Queen Elizabeth II saved horse breed and raised cattle

Queen Elizabeth II, passionate about agribusiness, was well known for her passion for horses and dairy farming; Check out!

THE Queen Elizabeth II died at the age of 96 at Balmoral Castle in Scotland on Thursday.. Royalty is also known for its passion for horses and dairy farming.. Years ago, due to high production costs and low milk prices, Elizabeth II decided to adjust the herdselling some of the ayrshire cowswhich at the time totaled about 300 heads.

You horses have always been considered a special animal for the British royal family, particularly for the queen elizabeth II. The queen has loved horses since she was young. According to The Telegraph, she’s been riding since she was four years old, when he received a Shetland pony named Peggy. And, at 91, she was still riding.

Those who followed her story knew that she liked everything about the equine world: ride, track races and breed thoroughbred horses. For his decades-long dedication, she is recognized as one of the greats in the sport – his horses have won nearly 2,000 races. “My philosophy on racing is simple. I like to breed horses that are faster than other people’s”, summarized the Queen in a documentary for the BBC.

Its dairy herd, in the last update, consisted of about 185 lactating cows, all of them Jersey. Remembering that the introduction of the breed in Brazil came precisely from animals from the creation of the great-great-grandmother queen elizabeth II.

champion lineage

As the owner of a bloodline of thoroughbred racing, Elizabeth II was a true champion. The activity began in 1952, when she inherited the breeding stock from her father, King George VI. The first horse she inherited from her father and one of her best known was Aureole, who, in addition to his good performance on the track, was known as a sire.

From there, through 2022, their horses have won nearly 2,000 races. NoIn the years 1954 and 1957, she was named the Champion Owner of Great Britain, the title given to the horse breeder with the most victories that year..

Visit to Brazil

On her only visit to Brazil, Queen Elizabeth II, who died today at the age of 96, included the Campinas Agronomic Institute (IAC) in its busy agenda to learn about Brazilian research on agriculture.

The visit of the British monarch took place on 7 November 1968 and has been photographed since her arrival. At the IAC, she was introduced to coffee variety development research and other studies, in which the institute remains a world reference.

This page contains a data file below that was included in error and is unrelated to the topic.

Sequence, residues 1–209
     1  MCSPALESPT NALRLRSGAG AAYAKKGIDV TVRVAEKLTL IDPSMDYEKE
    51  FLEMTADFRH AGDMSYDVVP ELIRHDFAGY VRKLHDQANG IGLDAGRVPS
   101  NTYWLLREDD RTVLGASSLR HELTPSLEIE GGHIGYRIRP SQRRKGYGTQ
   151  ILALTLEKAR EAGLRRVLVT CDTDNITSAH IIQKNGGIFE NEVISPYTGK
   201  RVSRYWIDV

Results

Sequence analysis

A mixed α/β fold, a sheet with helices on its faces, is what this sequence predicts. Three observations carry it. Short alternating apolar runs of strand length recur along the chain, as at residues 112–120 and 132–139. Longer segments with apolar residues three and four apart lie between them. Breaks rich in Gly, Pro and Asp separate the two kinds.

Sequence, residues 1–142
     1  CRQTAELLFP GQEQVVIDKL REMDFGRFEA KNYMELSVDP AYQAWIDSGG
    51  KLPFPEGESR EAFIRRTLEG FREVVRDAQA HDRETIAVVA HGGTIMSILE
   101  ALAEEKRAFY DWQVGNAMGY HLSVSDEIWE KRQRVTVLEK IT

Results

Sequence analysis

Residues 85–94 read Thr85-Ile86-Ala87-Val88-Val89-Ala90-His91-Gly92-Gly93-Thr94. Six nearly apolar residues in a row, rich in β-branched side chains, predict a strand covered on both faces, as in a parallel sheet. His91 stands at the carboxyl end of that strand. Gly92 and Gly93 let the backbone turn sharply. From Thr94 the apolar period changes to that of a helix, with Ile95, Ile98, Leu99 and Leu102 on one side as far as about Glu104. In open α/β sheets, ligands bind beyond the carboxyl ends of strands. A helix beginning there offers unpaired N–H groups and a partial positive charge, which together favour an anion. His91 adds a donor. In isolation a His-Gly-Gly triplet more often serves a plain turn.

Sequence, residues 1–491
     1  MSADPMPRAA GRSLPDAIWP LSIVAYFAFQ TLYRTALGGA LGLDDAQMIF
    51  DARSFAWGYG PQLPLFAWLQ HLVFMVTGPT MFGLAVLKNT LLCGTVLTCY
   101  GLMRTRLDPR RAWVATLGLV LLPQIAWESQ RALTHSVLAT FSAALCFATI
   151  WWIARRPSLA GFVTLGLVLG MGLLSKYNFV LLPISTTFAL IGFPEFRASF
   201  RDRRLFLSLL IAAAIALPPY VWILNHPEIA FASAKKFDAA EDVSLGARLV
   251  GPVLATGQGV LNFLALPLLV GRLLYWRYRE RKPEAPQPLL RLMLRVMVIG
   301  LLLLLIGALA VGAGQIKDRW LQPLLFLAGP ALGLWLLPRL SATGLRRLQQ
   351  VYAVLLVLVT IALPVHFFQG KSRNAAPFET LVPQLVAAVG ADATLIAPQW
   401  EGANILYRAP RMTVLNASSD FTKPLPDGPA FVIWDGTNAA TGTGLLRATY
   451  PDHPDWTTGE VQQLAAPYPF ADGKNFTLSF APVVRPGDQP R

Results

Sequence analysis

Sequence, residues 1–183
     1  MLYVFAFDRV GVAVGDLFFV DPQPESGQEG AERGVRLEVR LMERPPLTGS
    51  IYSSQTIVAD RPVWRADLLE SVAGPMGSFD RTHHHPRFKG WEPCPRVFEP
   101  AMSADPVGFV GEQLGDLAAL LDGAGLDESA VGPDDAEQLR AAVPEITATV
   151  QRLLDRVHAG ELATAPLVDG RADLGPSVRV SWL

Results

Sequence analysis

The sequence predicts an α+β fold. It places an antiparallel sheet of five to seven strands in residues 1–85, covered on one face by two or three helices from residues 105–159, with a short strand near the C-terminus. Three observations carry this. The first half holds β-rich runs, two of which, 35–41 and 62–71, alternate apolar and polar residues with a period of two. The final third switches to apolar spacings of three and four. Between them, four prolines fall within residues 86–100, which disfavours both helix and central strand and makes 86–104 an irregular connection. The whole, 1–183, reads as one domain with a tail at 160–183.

Still in Campinas, the Queen and the Duke of Edinburgh visited Fazenda Santa Elisa. The royal couple stayed overnight at Estancia Santa Eudóxia, in the district of Barão Geraldo, where she rode a sorrel named Gorgue. A curious incident marked this passage.

The thoroughbred horse was so agitated in Her Majesty’s presence that it needed to be soothed with Ether.

Queen saved horse breed from extinction

But one breed of horse owes the queen far more than others, as she managed to save her from extinction before it was too late.

The Cleveland Bay is a breed of horse that has provided a lot to humans. Initially they were used as pack animals. In the 17th century in England, they did agricultural work, pulled carriages and even helped soldiers transport objects, carrying artillery during the First World War. Unfortunately, after the conflict, its popularity began to decline. From 1960 onwards, only 4 stallions left in the country.

Just when the race was in a dark phase of its existence, it unexpectedly gained a high-ranking friend. After being informed of the situation, the queen elizabeth II bought a horse named Mulgrave Supremewinner of a show, which was almost sold to the United States. The animal was sent to a stud farm to have purebred and hybrid descendants.

Having the queen by his side also helped to increase the animal’s popularity and Mulgrave Supreme became a household name among breeders. After 15 years, there were at least 36 stallions all over the country. At the time Mulgrave Supreme was used as a stallion, its popularity helped to increase the amount of Cleveland bay horses.

These horses are still rare today — there are among 500 and 800 worldwide. But that number is considered impressive considering they were almost extinct just a few decades ago.

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